By Richard Galpin
BBC News in Moscow
I don't want comparison with Abramovich
For a man used to opulent, luxurious surroundings, Alisher Usmanov was clearly unhappy about the small room allocated for his press briefing at his company's headquarters.
The home of Metalloinvest, a Russian mining and metallurgy company specialising in the manufacture of steel, is a gleaming, hi-tech building situated in the heart of Moscow.
It's the kind of place you would expect to have grand conference halls for equally grand announcements.
The majority of those gathered in the cramped conference room were British newspaper journalists intrigued to discover more about Russia's 18th richest man and his intentions to expand upon his 23% holding in Arsenal.
And the Uzbek, whose fortune is estimated about £2.75bn, did not disappoint.
"I really fell in love with Arsenal when Arsene Wenger took over," he said. "The main reason I decided to buy Arsenal shares is because Wenger is manager - I consider him the best manager in the world.
"We want to be part of team where Wenger has the possibility to create as an artist."
Although he dismissed plans of an immediate takeover, Usmanov instead offered outlines for a long-term plan once he had the full confidence of Arsenal's reticent shareholders.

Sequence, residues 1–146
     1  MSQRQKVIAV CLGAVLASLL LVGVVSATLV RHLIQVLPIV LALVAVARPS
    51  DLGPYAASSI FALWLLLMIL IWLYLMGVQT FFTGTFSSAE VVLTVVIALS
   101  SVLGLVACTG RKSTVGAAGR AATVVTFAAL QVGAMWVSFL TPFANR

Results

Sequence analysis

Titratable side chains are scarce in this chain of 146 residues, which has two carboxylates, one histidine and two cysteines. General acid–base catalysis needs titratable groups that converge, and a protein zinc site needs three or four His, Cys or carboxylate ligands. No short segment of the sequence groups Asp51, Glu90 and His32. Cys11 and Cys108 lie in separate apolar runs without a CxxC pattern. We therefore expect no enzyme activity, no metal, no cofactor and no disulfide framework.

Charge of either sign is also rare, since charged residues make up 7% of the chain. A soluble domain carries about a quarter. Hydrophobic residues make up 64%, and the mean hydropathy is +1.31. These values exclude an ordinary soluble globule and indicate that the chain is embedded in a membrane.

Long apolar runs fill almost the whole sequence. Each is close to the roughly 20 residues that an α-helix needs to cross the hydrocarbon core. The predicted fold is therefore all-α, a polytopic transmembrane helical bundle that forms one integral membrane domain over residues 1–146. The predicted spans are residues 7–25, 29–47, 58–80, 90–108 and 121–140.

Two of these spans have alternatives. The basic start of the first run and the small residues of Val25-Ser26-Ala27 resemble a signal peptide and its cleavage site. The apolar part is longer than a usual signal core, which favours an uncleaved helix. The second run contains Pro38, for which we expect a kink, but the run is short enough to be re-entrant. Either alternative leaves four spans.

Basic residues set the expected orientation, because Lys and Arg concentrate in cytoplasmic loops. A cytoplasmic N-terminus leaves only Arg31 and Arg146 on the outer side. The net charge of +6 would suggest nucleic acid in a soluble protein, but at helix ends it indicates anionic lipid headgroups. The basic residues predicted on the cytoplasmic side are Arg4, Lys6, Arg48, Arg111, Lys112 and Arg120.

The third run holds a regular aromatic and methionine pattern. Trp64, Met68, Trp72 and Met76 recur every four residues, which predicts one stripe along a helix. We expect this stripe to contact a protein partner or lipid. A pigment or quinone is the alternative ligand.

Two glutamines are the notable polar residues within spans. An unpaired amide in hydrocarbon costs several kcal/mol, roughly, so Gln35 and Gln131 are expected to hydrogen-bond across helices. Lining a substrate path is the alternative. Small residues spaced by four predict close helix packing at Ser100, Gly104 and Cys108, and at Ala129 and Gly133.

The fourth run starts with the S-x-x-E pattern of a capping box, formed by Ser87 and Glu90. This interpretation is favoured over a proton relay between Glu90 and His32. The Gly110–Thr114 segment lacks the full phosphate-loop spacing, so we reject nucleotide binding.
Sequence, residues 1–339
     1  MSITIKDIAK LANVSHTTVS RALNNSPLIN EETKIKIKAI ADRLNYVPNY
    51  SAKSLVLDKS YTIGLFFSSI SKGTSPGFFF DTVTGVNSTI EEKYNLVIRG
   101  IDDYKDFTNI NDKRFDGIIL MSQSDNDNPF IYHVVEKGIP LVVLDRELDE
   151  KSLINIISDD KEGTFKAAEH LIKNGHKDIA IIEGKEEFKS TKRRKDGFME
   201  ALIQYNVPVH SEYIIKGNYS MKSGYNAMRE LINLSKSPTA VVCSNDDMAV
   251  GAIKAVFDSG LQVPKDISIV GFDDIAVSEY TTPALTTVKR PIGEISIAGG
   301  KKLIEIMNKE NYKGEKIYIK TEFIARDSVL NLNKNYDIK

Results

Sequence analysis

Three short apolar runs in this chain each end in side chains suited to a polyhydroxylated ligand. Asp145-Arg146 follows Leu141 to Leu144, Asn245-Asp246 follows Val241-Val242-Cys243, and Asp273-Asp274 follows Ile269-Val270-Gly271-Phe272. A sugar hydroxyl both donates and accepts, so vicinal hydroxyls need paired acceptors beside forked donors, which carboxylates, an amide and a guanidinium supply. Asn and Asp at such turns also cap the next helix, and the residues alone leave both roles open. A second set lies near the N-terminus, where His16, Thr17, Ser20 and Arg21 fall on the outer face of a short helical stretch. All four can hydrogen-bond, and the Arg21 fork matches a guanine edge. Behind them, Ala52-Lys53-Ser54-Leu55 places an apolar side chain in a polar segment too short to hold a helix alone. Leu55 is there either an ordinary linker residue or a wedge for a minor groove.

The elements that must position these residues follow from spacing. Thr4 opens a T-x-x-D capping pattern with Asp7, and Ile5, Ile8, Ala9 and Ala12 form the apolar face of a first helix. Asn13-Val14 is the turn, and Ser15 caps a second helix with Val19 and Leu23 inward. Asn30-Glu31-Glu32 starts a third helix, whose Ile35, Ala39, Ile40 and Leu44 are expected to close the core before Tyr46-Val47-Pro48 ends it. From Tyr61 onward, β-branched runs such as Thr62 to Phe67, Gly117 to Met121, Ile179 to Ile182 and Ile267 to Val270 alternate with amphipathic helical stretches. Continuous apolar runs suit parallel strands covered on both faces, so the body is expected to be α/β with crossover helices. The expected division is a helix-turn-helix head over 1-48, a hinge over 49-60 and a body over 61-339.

Wenger's tenure at the Emirates is key to Usmanov's plans
Usmanov, who has purchased his Arsenal shares through a company called Red and White Holdings Limited (RAWHL), is now the Premier League club's second largest shareholder behind Danny Fiszman, who owns just over 24%.
"I have nothing but greatest respect for the current shareholders," said Usmanov. "I can appreciate their nervousness, though the nature of their nervousness was at the time immoderate.
"But it is not a problem, they will get to know us and we will get to know them and everything will be OK."
Usmanov is a larger-than-life character - both in physical stature and his presence.
He has his own army of 'helpers' running around on his behalf ensuring everything is to his liking. One particular employee was on hand for a high-priority jacket-moving task.
The 54-year-old likes to dominate and in return expects to be listened to, although he was very open to questions and even cracked the odd joke.
He suggested his audience should move into his more spacious office upstairs should the air supply in the conference room diminish to life-threatening levels.
However, there was plenty of atmosphere in the room when Usmanov revealed his first proposal to invest in English football was with Arsenal's north London rivals Tottenham.
"(I) First started with proposal to invest in Spurs and then partner (Farhad Moshiri) had talks with Liverpool," he said. "But I am Arsenal fan and why not be investor in club you really love?
"I could see that on top of intense pleasure of watching Arsenal play, it is also a good portfolio investment."
Inevitably he was asked about comparisons with another Russian billionaire owner of another London club not a million miles away from the Emirates Stadium.
But Usmanov's reply was typically forthright: "I don't want comparison with Abramovich."
But expect to hear more about Usmanov in the coming weeks.